There's encouraging news today in the fight against opioid related overdose deaths.
Numbers from the Massachusetts Department of Public Health show that overdose deaths are down eight percent last year.
Last year's numbers reflect a dramatic change in the direction of those overdose death numbers.
From big increases in the previous years to a drop in those deaths last year.
"It's obviously very heartening. We're encouraged by it, keep our spirits high as we continue to work to make this an issue of the past," said Hampden County District Attorney Anthony Gulluni.
Gulluni told Western Mass News that the reason for the decrease in opioid related deaths is multifaceted, including strong law enforcement arresting drug dealers and including an education component stressing the dangers of opioid abuse to parents and their children.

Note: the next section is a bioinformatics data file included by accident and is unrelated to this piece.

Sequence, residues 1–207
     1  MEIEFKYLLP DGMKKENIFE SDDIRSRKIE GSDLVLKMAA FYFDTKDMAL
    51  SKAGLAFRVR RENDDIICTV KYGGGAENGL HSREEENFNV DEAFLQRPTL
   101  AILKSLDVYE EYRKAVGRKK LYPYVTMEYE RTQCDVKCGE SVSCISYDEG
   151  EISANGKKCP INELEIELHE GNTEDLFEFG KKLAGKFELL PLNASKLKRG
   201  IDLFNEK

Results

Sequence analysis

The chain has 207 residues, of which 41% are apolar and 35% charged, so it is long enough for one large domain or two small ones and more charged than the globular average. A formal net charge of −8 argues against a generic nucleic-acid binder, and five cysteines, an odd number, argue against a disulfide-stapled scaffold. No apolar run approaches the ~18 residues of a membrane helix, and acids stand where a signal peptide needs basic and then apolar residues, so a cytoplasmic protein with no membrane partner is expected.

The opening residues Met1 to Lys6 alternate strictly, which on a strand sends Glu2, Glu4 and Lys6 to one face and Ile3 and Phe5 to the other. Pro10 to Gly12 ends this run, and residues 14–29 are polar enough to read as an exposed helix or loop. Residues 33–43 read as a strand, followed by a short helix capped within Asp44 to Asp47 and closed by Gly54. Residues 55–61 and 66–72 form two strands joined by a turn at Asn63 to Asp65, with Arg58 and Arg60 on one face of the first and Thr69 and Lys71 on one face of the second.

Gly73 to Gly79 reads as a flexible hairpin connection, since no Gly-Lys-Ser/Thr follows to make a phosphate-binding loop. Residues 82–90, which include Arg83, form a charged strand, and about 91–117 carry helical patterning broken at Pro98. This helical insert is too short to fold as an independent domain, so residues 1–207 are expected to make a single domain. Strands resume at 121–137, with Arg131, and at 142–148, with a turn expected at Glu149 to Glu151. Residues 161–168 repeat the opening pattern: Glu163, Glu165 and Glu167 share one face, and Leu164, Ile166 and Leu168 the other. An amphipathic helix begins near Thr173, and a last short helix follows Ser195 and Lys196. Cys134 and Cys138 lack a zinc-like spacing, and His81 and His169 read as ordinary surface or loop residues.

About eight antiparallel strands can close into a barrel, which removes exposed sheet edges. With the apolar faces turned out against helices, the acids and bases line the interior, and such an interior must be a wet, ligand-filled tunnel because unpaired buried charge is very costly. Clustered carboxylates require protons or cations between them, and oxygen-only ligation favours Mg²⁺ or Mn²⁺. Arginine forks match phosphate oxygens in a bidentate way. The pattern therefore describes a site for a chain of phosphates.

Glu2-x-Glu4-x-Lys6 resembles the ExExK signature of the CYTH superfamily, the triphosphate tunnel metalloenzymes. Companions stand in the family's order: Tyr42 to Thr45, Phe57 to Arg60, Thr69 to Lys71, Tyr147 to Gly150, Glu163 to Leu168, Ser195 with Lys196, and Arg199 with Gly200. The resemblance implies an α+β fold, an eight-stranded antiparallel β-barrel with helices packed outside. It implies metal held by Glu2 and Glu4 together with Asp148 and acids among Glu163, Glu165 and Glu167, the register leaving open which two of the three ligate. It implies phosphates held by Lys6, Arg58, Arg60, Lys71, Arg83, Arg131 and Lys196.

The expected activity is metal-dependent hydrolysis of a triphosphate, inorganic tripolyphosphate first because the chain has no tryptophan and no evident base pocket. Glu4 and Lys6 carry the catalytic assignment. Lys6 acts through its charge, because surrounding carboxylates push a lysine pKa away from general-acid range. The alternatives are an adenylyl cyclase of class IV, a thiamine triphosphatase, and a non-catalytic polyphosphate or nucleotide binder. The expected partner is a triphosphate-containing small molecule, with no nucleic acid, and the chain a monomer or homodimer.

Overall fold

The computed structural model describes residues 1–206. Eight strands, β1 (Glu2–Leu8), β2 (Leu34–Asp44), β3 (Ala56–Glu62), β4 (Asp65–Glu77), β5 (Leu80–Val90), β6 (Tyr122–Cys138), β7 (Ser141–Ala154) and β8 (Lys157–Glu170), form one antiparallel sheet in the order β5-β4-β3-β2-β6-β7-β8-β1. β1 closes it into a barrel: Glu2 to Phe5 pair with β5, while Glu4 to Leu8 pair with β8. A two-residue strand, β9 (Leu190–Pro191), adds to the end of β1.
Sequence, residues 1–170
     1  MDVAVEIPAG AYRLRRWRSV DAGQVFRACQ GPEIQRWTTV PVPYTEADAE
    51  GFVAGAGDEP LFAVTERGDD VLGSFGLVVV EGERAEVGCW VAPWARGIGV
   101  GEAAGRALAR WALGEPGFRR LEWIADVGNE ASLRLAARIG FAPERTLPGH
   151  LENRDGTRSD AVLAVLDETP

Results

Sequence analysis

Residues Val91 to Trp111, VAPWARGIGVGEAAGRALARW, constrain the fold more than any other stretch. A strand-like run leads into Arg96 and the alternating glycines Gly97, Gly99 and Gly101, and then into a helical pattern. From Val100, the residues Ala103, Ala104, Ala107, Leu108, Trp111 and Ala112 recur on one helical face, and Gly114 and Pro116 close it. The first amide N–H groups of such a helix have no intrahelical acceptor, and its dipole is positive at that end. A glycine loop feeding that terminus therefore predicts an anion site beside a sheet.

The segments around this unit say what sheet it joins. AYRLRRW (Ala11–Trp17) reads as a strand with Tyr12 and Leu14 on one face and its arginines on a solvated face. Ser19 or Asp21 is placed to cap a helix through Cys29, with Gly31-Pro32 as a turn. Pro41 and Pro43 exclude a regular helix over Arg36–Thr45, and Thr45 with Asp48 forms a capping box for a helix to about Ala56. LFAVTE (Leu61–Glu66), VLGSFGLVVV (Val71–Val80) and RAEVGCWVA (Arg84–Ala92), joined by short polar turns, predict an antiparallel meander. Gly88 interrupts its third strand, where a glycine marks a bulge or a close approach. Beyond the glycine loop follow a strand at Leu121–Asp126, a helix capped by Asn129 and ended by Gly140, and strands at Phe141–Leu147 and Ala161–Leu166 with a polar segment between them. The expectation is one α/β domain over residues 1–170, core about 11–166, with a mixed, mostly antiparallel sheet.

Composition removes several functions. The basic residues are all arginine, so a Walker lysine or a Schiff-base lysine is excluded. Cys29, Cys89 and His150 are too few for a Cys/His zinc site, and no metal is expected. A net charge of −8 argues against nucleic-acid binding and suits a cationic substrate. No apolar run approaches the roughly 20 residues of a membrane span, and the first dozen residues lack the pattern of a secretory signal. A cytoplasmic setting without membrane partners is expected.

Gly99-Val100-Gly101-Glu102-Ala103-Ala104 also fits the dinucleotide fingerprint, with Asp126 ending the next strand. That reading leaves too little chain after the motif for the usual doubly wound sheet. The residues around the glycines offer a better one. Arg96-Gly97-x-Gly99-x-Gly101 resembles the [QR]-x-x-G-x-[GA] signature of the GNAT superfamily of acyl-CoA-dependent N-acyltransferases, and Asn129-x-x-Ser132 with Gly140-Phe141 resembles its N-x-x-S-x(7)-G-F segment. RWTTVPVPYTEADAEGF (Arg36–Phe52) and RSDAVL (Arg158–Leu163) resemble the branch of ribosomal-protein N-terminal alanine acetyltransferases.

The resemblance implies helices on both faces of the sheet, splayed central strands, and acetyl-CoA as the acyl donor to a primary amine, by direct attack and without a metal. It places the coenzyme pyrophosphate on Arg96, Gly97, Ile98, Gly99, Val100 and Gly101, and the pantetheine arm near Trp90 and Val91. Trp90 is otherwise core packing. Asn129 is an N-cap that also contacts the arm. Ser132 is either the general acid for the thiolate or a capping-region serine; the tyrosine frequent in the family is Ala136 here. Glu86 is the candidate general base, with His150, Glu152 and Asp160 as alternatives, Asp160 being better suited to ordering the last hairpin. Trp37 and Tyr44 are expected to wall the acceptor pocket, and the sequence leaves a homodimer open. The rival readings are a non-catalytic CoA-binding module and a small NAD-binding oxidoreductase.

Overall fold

The latest numbers from the Massachusetts Department of Public Health show an eight percent drop in the number of opioid related overdose deaths as compared to dramatic increase in opioid deaths for the previous three years .
Gulluni is hopeful the decrease is a trend.
"The work that the D.A.'s office, sheriff's department, Governor Baker are doing around this issue is going to take hold and have an effect." Gulluni explained.
Also encouraged by the latest statistics is the Center for Human Development, which is on the front-lines helping families who have addicted loved ones.
"Services are more readily available and physicians and pharmacies are aware of dosing and prescriptions," said Lois Nesci, CEO of Center for Human Development.
Increasing the number of treatment beds is also a key component.
"We, in particular, opened a program a year ago for adolescent males considered previously unserved and this program specifically for these young men to get treatment for substance abuse, we'll see more of this," Nesci added.
One disturbing statistic from the DPH is the rate of fentanyl present in toxicology of opioid related deaths, reaching 83 percent of opioid related deaths last year.
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